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You got a sale! That notification is always exhilarating. But, what comes next? Processing the order and shipping the product to your new customer is only the beginning. Developing a strong post-sale strategy can not only make your customers happier, it can dramatically improve your company’s bottom line.

Immediately After the Sale

The first hours and days that your client has your product is your chance to wow them with your customer service. Set your CRM to automatically send a thank you email that contains valuable tips for getting the most out of your product. Then, follow up with a friendly but not pushy drip campaign offering assistance, tips and tricks, future discounts and referral deals. A positive experience and caring attention increases the chance that they will do business with you again.

Opportunities to Upsell

As far back as 2002, Toshiba used customized marketing as an effective part of their post-sale strategy. When a person who had purchased a new Toshiba laptop turned on their new computer for the first time, they were greeted with a registration form. The answers on the form, which was used to create a customer profile, determined which of five extended warranty offers would be the best fit for the buyer. By using this segmented, data-based approach, Toshiba increased their warranty sales by 37%.  How can you creatively attain additional data about your customer after the sale that will inform future marketing activities?

Maintenance, service contracts, accessories and re-purchases of your original product are all opportunities to increase your profits from a single valuable lead. Develop auxiliary products that can be used to increase profits right away from happy customers who have just made a purchase.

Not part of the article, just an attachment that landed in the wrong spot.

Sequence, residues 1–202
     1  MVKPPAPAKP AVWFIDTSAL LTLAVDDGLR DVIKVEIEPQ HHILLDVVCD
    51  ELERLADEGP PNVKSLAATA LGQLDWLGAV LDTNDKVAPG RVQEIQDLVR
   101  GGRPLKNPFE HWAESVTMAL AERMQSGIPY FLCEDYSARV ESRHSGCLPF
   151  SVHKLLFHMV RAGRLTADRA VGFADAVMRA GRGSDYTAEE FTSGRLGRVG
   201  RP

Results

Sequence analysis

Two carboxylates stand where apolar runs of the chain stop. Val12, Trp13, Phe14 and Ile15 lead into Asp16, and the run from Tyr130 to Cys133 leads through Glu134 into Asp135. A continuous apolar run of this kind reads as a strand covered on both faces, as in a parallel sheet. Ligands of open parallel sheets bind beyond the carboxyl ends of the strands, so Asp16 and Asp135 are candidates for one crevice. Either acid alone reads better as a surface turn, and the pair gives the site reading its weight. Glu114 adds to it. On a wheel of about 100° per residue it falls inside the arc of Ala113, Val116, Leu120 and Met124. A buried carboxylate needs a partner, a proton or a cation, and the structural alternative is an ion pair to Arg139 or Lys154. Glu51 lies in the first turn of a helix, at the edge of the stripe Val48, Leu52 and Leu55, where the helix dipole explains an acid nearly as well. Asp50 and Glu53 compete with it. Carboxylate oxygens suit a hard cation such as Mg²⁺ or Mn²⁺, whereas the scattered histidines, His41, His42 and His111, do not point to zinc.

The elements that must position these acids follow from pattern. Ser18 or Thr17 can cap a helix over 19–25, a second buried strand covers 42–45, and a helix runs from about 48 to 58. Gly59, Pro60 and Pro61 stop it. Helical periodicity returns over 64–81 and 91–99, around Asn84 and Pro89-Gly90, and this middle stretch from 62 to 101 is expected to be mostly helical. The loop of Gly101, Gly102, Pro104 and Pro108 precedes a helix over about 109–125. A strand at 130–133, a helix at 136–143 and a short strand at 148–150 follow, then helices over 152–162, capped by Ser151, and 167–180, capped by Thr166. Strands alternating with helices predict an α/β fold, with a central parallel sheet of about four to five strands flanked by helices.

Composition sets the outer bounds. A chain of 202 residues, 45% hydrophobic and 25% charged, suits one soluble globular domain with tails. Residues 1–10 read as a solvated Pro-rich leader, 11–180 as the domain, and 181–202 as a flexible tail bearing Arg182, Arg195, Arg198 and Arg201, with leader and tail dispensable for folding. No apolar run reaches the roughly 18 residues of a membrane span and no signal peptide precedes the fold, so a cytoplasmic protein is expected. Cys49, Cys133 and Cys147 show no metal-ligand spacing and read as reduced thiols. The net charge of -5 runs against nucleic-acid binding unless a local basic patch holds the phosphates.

The Benefits of Retention

Many companies neglect their most qualified leads: their current customers. According to 2013’s Cross-Channel Marketing Report from eConsultancy, 70% of respondents say that it is cheaper for their company to retain a customer than to acquire a new one. And, researchers who have done the math estimate the cost of wooing a new customer is between 6 and 7 times as great as the cost of keeping one you already have. But, only 30% of those surveys said that their firm is very committed to relationship marketing. For most businesses, this represents a massive lost opportunity.

Not only does it cost less to maintain a relationship with a current client; these prospects are better than new ones. These are people who have already shown a willingness to buy from you. And, most people who have purchased from a company before and had a positive experience say that they will be willing to buy from that company again. Thrill them with your service and keep in touch so you stay on their radar and they will become the strong foundation for your company’s growth.

Lara Stewart began copywriting in 1998. She’s a passionate participant in the changing, increasingly customer-oriented style of marketing that has come to dominate in the digital age. She has created valuable, informative content for a number of Fortune 500 companies and has written extensively about CRM technology and applications.